Milgram (1963)

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  • MILGRAM (1963)
    • 40 male participants
    • Studied how punishment affects learning
    • Partipant's paid $4.50
    • Participant, 2 confederates, an experiment (authority figure) and an accountant (learner).
    • Partipants had to administer a shock to the 'learner' every time he got a question wrong.
    • Remote condition - the learner, sat in another room, received the shock in silence until the shock reached a level of 300, when they pounded on the wall and didn't answer the next question.
    • The movement at 300 were repeated at 315, after that the 'learner' returned to receiving their shock in silence.
    • If the participant asked to stop the experimenter had a series of 'prods' to get them to continue.
    • Psychiatrists predicted that the majority of participants would stop at around 150 volts and only 4% would continue to 300 volts, and only 1/1000 would reach the full 450 volts.
    • 65% of participants continued to the full 450 volts.
    • Only five participants stopped at 300 volts.
    • All participants reached 300 volts.
    • Ordinary people are capable of committing atrocities if obeying orders.
    • Crimes against humanity may be the result of situational rather than dispotional factors.
    • Proximity of the victim - When the participant and the learner are placed in the same room, obedience rates dropped from 62.5%-40%
    • Proximity of the victim - in one experiment the participant had to force the 'learners' hand onto a shock plate. Obedience dropped to 30%.
    • Proximity of the authority figure - when the experimenter was placed in a separate room only 21% continued to the maximum shock level.
    • Presence of allies - 1 participant and 2 accomplices were given the task of administering shocks to the learner. One read the words, another told the 'learner' whether or not they were correct, and the final (real participant) administered the shock.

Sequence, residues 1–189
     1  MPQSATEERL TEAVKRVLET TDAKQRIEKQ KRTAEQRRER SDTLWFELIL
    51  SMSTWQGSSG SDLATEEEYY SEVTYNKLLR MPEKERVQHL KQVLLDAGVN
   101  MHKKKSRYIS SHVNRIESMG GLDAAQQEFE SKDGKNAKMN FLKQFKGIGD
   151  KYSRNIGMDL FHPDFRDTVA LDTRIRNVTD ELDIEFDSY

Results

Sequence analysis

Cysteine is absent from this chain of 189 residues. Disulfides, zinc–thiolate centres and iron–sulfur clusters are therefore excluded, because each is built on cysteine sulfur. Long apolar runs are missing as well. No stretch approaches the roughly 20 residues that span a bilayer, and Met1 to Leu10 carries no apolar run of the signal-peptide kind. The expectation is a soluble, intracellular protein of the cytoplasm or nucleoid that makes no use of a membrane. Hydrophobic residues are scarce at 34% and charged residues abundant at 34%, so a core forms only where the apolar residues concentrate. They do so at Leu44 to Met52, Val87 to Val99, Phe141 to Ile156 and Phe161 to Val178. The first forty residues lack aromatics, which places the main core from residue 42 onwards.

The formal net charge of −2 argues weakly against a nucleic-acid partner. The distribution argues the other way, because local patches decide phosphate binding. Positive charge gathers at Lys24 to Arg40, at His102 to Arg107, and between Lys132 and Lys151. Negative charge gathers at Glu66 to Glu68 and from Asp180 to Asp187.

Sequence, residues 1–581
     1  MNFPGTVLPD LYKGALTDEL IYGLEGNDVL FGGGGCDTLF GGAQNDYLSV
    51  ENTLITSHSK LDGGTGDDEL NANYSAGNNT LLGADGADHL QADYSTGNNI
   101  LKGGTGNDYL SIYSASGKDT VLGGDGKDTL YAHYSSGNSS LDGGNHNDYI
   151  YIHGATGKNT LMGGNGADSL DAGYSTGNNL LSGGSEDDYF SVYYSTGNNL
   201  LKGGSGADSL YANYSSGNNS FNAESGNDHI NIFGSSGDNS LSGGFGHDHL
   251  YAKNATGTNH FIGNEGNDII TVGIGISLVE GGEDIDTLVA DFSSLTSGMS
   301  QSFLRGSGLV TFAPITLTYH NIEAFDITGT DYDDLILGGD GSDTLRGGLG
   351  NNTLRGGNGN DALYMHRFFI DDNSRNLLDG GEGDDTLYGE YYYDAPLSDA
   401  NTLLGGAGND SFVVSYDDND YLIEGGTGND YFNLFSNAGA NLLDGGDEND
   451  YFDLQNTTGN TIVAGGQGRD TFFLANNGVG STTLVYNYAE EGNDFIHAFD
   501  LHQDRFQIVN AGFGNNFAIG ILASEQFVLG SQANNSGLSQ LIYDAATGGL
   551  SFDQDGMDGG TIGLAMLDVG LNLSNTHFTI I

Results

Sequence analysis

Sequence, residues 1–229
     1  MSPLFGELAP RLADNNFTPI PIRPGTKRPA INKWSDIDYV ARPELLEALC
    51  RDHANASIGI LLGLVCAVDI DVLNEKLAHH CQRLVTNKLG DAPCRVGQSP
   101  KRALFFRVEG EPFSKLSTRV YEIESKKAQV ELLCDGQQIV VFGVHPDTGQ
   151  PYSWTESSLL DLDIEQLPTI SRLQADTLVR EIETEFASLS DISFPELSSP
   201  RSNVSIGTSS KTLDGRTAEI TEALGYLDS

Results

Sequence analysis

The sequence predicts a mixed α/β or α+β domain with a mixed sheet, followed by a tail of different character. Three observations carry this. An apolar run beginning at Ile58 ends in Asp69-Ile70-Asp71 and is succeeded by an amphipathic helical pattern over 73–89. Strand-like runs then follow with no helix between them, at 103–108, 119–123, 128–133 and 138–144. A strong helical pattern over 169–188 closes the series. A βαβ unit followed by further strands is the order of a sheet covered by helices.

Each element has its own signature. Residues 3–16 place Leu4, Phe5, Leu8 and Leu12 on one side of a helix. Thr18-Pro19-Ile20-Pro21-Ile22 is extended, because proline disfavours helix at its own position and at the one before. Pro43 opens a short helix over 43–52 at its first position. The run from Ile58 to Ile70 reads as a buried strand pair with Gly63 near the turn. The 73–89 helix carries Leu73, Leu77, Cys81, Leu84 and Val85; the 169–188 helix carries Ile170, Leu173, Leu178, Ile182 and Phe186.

• Increasing the teacher's discretion - when the participants were under control of the severity of the shock, only 1 out of 40 administered the full voltage, and 95% of participants refused to deliver shocks beyond the point where the 'learner' first protested.
    • Cultural differences - Germany has the highest rates of obedience and Australia has the lowest.
    • ID - there are no male-female differences in obedience
    • Baumrind (1964)
      • Claimed Milgram placed participants under great emotional strain.
      • Milgram defended himself in several ways:
        • He was unaware prior to the study that such distress would be caused.
        • He asked participants to immediately afterwards and a year later if they had found the experience distressing. 84% were glad they participated and 74% felt they had gained something from the experience.
    • Ethics - Milgram deceived his participants, by not telling them the true aim of the study.
    • Ethics - Unclear to what extent participants felt they had the right to withdraw.
    • Darley (1992)
      • Suggested that the experience of administering shocks would activate a previously dormant aspects of an individuals personality, enabling them to feel more able to repeat the actions.
    • Lifton (1986)
      • Reported that physicians at the Nazi death camps started out as normal people but became killing machines.
      • Their personalities altered as a result of the activities they were asked to perform.
    • Orne and Holland (1968)
      • Claimed that participants have become accustomed to deception and now know not trust the said purpose of the experiment.
      • However, participant interviews done by Milgram after the experiment contradict these claims because they showed that the majority of participants though they were actually administering real shocks.
    • Hofling (1966)
      • Nurses were telephoned by 'Dr Smith' and asked to give a patient 20mg of Astrogen.
      • This order went against hospital regulations.
      • 21 out of 22 (95%) nurses did as requested.
      • Shows obedience occurs in real life situations.
    • Rank and Jacobson (1975)
      • Asked nurses to carry out an irregular order.
      • 16 our of 18 (89%) refused.
      • On this occassion it was a known drug and the nurses were allowed to consult with peers.
      • More realistic presentation of hospital practices.

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